We’ve previously discussed the optimal components on a landing page, along with the specifics of a great call to action and why testing it is of the utmost importance. Of course, the CTA isn’t the only important piece of content for a landing page. How much time have you spent thinking about and testing your clients’ overall message?
Landing pages should have two major components when it comes to a brand’s message.
- They should quickly and efficiently tell visitors what specific services the company offers.
- They should tell visitors why they should do business with the company.
The best way to test a landing page message is to ask someone who doesn’t know anything about the company to evaluate it according to the services and benefits the page conveys. Is the message clear? Was the person unfamiliar with your products able to gain a simple and clear understanding of your products and services? If not, it’s time to rework the copy. The “rule of thumb” is that websites have about four seconds to get users’ attention before they leave. Effective ways to gain this attention include using bullets, short sentences, short paragraphs, and copy that’s generally easy to scan.
Your landing page may be trying to say too much. Remember, simple is better. This applies to buttons, photos, infographics etc. as well. Nothing is too small to test in regard to landing pages. The entire purpose of your landing page is to assist your customer at an early step in their purchase cycle.
Here are some ways you can ensure users stick around the landing page you’re testing:
- Skip the jargon. People want to understand what they read.
- Use language that focuses on website visitors, such “You” and “Your” instead of “We” and “Our.”
- Use a voice/tone that matches your target persona.
- Use media optimization and analytics tools and pay attention to what they are telling you.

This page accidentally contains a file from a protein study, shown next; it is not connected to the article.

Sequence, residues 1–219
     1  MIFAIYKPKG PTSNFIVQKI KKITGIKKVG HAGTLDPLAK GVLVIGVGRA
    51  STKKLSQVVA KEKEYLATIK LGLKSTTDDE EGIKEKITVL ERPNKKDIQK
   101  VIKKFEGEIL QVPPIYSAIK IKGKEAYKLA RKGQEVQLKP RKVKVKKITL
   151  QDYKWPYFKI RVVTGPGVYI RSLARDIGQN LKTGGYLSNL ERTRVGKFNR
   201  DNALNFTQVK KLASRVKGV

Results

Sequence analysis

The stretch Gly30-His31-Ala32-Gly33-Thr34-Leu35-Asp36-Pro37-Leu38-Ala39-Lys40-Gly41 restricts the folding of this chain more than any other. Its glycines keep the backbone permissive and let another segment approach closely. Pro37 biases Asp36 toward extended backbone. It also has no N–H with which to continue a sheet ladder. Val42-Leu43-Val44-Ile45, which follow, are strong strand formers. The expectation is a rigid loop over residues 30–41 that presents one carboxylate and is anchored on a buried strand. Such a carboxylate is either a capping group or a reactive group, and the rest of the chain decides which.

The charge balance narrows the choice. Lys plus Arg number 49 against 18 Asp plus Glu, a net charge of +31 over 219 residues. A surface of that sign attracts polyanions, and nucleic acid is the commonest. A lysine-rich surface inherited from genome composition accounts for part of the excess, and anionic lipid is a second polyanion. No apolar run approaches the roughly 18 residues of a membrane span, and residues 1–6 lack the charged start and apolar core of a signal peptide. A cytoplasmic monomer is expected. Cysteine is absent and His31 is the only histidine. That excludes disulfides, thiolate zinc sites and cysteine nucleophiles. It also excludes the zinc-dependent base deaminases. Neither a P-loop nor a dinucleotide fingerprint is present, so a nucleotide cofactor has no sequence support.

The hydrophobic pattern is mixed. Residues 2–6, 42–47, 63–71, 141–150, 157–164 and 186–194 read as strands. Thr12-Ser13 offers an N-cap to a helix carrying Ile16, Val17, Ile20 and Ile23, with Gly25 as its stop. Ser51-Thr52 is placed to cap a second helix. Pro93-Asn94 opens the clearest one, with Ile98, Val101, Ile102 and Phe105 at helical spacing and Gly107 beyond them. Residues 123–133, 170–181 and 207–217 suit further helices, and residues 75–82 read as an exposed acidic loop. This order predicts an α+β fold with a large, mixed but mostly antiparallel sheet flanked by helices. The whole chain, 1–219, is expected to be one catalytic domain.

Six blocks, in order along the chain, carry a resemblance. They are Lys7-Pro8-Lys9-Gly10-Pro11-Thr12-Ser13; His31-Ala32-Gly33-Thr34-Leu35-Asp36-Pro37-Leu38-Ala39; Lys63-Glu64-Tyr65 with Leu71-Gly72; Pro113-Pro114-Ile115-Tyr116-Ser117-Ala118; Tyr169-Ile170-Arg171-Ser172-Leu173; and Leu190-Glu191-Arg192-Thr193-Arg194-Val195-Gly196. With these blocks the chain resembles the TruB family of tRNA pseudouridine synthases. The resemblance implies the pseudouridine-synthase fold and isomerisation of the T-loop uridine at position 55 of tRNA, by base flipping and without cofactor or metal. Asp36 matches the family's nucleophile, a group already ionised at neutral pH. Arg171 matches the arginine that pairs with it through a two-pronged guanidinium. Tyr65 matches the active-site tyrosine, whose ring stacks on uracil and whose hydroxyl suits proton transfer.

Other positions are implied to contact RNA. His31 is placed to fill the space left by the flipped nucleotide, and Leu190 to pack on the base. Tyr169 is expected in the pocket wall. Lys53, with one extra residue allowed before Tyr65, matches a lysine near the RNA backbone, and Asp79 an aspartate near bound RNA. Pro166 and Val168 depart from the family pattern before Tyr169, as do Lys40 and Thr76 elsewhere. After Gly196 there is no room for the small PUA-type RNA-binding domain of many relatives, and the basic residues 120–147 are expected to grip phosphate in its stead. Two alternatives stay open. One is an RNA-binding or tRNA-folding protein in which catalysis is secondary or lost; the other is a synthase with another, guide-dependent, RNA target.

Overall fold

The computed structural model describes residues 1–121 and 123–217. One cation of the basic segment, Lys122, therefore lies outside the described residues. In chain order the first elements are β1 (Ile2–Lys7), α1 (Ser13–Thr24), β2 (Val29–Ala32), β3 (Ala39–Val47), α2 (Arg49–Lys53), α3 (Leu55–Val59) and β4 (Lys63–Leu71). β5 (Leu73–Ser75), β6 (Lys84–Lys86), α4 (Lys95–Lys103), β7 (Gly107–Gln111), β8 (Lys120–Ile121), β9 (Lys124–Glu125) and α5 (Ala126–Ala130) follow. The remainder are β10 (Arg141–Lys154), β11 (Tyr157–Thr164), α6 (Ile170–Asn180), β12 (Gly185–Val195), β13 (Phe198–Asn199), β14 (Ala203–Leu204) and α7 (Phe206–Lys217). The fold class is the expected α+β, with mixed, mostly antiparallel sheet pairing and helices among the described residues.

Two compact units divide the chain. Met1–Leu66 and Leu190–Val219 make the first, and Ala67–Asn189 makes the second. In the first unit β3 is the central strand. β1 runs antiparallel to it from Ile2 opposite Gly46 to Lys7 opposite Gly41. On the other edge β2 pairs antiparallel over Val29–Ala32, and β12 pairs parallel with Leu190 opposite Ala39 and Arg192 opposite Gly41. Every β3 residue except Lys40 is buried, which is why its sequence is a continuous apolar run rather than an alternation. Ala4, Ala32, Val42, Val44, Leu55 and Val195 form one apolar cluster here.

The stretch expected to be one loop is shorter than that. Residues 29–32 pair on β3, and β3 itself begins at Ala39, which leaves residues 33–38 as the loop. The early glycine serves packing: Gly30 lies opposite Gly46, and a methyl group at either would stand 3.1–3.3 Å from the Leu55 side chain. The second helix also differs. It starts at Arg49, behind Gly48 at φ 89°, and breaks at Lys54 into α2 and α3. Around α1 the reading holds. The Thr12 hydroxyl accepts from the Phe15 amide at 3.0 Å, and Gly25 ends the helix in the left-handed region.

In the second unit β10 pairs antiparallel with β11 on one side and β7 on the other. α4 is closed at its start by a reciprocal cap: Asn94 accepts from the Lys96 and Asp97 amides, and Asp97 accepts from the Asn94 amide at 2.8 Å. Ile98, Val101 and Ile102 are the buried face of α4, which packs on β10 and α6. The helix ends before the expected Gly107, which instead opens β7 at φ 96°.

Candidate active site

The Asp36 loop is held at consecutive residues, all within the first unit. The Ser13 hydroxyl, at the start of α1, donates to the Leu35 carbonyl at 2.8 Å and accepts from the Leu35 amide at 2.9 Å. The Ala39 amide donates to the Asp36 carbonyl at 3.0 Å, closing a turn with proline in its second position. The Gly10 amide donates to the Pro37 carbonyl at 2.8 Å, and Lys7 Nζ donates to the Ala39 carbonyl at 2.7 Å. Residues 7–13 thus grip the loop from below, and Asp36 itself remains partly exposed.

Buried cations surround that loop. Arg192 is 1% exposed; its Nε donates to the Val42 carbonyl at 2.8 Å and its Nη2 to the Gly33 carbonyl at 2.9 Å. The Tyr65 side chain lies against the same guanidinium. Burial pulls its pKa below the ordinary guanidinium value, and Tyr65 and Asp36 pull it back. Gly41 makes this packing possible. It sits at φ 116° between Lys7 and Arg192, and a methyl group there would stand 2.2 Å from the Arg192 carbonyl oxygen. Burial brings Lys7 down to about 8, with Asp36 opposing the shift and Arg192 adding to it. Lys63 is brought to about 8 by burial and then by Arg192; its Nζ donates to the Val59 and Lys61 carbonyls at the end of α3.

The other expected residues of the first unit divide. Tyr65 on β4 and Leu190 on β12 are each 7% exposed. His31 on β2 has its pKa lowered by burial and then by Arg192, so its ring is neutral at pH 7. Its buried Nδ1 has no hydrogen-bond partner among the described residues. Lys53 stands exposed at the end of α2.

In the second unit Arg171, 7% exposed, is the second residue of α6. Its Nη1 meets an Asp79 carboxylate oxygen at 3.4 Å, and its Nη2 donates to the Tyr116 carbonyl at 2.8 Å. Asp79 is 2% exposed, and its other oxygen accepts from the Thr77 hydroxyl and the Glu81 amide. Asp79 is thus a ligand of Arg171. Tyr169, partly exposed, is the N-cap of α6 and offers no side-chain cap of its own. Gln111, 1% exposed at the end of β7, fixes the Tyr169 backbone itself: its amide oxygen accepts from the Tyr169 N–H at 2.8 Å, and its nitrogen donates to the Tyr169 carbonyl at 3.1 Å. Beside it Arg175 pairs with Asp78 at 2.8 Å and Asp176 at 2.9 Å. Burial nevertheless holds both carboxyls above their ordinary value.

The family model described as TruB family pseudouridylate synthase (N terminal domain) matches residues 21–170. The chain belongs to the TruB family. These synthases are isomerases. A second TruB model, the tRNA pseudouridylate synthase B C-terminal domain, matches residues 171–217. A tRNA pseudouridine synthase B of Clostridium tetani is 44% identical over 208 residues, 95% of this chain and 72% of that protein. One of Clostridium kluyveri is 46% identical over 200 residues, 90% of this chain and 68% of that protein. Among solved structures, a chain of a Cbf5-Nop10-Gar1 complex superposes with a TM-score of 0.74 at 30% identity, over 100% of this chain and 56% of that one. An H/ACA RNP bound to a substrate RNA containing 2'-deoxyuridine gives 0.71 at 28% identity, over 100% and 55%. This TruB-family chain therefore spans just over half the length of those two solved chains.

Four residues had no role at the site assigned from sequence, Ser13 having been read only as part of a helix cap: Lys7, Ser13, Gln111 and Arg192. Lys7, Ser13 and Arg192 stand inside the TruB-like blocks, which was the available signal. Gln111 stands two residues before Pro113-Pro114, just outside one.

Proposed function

You may find that it makes sense to remove entire page elements. But remember, making small changes with no valid reasoning will likely be a waste of time. With proper data analysis (i.e. viewing a heat map of the landing page) however, you can achieve huge gains. Always have a plan and clear hypothesis for each of your tests.
Concentrate on testing elements that appear distracting to users. For example, are there elements that don’t add value and/or support the CTA? If you have too many distracting inbound/outbound links or lead gen elements (such as email signups), try taking them out, and test to see if this helps your conversions grow. Remove these elements one or two at a time and measure the impact; don’t go overboard.
Not all testing equals huge conversions. Sometimes a test will lead to a decrease in monetary gains or email signups. That means it’s time to try again based on what you learn. After all, continual testing is how great search marketers develop deep learning and obtain measurable competitive advantages. It’s okay to make mistakes. Nothing ventured, nothing gained is one of my favorite sayings. The important thing is to not stick with landing page elements that aren’t delivering the results you expected. This is not an exact science. Feel free to experiment.
What was your greatest landing page disaster? I love standing around the water cooler sharing stories and learning how to fix things. We’re all in the same business. Let’s talk.